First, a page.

Well, it's been two weeks since I've written a canvass diary. My Mother-In-Law passed away unexpectedly a couple of weeks ago so I took some time away from the campaign. I did some phonebanking and a little canvassing during that time, but went back to a long day of canvassing yesterday.
My experiences after the jump.
I can't believe it's been eight weeks - I think I might even be getting good at this. My experiences canvassing a pretty republican, southwest suburb of Cleveland, Ohio after the jump.
Well, I'm changing these to Canvass/Phonebank diaries because I'm starting to phonebank a few nights a week as well. I'm in Ohio and we are all aware that the country is watching us. The polls may not show it yet, but I'm starting to have conversations with people that tell me this state is starting to turn towards Obama.
Most of us who support Barack Obama recognize that race is an issue in this election. The campaign can't address it without being taggd with playing the race card and it's a delicate issue to address as a supporter. As a canvasser, the issue comes up a lot. Sometimes people are outwardly and blatantly racist. I don't think there is any way to reach someone consumed with that kind of blind hate, so I typically document their response and move on. But a voters struggle with race is not always expressed in an outwardly racist or angry tone, but as a question or as an expression of some kind of internal conflict. People may say "I like his ideas, but I just can't see a black man as our President" or "I don't think a black person can make the change he's talking about" or "I just can't see myself voting for a black person". I truly believe that the people who make these types of comments should not be written off as racist people who will never vote for Obama. But I've struggled with a way to reach them.
I was going to skip this diary this week, but if nothing else, I think it's important to keep a record of the progress we are making on the Canvass - particularly in Ohio.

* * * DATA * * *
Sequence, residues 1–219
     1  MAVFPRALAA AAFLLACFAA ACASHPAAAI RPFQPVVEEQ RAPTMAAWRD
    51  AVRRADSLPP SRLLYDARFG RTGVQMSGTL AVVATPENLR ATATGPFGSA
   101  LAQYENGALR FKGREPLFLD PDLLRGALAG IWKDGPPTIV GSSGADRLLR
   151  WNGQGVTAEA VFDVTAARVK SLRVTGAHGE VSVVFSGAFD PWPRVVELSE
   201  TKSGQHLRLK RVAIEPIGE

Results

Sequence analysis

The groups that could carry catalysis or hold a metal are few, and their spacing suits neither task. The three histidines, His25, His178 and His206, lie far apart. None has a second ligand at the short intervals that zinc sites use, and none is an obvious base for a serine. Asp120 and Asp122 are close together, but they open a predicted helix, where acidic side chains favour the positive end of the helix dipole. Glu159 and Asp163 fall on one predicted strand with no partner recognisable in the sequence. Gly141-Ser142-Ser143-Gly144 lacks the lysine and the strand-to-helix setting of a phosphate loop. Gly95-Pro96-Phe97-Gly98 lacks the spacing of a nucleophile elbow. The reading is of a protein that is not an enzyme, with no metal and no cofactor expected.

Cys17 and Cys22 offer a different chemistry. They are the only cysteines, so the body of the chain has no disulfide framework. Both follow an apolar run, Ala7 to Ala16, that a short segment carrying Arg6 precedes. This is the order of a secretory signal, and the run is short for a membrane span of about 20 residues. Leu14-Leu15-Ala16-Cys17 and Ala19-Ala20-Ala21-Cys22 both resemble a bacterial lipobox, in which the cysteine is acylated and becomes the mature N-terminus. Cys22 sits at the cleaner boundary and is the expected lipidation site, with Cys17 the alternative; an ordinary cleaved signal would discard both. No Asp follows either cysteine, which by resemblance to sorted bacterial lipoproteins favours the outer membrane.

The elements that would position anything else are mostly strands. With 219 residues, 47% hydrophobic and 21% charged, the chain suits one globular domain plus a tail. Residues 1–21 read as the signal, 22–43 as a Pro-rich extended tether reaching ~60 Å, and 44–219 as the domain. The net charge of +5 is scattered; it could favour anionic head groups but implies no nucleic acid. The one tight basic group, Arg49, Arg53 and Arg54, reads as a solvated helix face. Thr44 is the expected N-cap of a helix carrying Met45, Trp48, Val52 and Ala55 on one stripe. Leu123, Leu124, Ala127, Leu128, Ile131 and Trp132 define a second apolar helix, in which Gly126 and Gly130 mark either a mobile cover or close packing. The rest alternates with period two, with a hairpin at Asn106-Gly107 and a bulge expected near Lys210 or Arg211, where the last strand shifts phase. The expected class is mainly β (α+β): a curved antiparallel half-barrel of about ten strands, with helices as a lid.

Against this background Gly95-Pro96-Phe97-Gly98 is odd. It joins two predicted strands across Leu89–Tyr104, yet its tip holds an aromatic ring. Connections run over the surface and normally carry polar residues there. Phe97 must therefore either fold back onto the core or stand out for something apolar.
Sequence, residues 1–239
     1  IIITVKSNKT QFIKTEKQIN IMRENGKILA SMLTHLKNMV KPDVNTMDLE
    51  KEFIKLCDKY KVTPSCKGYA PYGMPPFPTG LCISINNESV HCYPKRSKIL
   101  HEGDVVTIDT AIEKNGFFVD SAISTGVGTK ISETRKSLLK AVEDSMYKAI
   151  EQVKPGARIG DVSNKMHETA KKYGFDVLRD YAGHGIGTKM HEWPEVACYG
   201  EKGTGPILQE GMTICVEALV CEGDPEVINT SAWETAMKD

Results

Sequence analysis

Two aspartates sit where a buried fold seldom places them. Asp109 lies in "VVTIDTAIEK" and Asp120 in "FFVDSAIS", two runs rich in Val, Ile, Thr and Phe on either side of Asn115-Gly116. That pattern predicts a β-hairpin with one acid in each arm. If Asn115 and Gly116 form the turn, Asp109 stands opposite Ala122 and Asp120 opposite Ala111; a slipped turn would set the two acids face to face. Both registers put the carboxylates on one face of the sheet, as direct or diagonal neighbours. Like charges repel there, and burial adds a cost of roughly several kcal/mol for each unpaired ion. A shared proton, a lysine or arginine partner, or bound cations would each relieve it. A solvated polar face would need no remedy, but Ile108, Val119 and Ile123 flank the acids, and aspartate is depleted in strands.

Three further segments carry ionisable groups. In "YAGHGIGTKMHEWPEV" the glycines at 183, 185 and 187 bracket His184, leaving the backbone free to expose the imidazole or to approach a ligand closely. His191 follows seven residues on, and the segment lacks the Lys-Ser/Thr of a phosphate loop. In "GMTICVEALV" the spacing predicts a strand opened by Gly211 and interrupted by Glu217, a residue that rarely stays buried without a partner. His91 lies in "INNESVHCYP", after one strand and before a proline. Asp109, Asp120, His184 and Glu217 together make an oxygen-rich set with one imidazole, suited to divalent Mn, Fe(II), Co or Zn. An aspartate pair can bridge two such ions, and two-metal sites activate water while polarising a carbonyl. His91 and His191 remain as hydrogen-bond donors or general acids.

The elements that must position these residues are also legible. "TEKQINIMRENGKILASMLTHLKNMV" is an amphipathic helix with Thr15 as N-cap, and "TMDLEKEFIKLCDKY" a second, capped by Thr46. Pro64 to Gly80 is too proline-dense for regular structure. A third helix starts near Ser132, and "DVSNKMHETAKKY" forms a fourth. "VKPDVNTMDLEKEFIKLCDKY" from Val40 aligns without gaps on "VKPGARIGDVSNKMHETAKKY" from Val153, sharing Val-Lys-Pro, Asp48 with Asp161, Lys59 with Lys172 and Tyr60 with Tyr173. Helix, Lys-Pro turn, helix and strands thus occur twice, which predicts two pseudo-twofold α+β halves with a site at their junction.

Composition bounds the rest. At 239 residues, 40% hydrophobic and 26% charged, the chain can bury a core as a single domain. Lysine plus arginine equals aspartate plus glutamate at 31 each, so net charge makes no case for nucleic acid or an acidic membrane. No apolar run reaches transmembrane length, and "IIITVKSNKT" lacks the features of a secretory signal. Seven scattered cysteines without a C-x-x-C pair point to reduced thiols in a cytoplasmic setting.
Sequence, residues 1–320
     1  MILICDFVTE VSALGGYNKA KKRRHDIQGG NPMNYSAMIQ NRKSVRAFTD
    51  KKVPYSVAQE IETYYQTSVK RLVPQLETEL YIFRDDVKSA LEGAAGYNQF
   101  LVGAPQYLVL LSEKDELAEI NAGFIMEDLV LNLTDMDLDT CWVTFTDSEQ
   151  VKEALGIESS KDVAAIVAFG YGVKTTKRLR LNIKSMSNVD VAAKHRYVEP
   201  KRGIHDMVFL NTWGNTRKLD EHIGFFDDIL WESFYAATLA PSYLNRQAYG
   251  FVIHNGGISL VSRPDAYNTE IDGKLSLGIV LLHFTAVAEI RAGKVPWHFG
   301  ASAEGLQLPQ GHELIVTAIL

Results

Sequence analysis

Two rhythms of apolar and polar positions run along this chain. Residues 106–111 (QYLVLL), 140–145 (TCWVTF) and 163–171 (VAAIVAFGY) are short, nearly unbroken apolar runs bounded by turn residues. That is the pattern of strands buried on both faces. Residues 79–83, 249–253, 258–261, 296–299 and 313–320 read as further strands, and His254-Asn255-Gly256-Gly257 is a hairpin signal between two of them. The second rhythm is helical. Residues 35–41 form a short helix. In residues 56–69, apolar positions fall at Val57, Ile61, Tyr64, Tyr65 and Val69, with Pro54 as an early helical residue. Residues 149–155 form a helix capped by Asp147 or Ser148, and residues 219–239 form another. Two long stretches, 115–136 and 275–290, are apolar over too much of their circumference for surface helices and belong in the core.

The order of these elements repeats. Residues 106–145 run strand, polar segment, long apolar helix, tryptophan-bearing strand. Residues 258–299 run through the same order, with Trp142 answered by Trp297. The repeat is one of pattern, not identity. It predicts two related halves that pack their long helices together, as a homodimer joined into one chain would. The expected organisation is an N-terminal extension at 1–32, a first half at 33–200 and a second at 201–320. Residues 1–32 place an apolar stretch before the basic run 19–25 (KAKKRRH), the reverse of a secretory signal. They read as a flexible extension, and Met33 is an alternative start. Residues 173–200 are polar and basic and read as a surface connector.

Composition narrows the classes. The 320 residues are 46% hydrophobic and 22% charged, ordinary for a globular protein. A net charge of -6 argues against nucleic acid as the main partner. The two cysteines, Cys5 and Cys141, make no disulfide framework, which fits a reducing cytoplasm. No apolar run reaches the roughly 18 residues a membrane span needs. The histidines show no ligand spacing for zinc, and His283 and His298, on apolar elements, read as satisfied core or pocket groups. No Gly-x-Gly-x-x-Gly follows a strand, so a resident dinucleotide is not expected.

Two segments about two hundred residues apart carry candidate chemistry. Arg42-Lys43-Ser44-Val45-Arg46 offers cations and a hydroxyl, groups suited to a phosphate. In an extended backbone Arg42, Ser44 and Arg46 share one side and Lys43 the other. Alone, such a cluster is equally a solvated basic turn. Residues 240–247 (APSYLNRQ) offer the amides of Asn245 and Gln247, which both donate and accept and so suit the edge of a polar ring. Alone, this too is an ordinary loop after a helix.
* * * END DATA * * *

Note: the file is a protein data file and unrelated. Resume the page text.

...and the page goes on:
This weekend was spent canvassing "sporadic voters". For a political junkie like myself, it was a bit like visiting a 3rd world country.
Recommended by Heidiho610
- Kurt Eichenwald of Newsweek has always been one of my favorite journalists because he is one of these rare types in the MSM who is willing to go after bad people tooth and nail. Usually it's about ...163 comments 422 Recs
- I won't have a cow over it. He is the adult in the room and sees that the children are ready to burn down the world economy and split the country into pieces if they don't get something to say they ...22 comments 3 Recs
- One of the few things we can all agree on here is that HealthCare.gov needs to be a success . The more that sign up to the Affordable Care Act the more successful the program will be (especially ...32 comments 37 Recs
- Here is the latest on the GOP's government shutdown and default. - President Obama formally rejected the House GOP proposal to extend the debt ceiling and end the government shutdown for a limited ...172 comments 425 Recs
- News from the Plains: All this RED can make you BLUE Hobby Lobby: Check your Judaism at the door by Barry Friedman For the love of Christ. And, apparently, just for the love of Christ. “...49 comments 14 Recs
- Racism at CPAC. I'm not. And it's time for your shock to subside, too. There's a reason that people like this guy make complete fools of themselves in public. I'll tell you why, because I grew up ...249 comments 437 Recs
- I am a hiker, camper. I love me some National Parks. As a kid in the 70s and 80s I am pretty sure many parents took their kids to Disney Land. My parents took me to National Parks and we camped and ...13 comments 17 Recs
- Really? You are? Well it's nice to have you on the team. Because when I watched Rand Paul's little party, and when I saw the support for "due process rights" coming from all corners of the ...309 comments 251 Recs
- About 45 million people in the U.S. receive food stamps. That's about 14% of the American population. For 6 million Americans, food stamps constitutes their only income. 55% of food stamp households ...19 comments 28 Recs
- Jordan Russell Davis, Another Statistic I'm now at the place where I am 100% comfortable saying that it is yet again open season on Black people, especially young Black men, in America. ...423 comments 382 Recs
- No current results.
- No current results.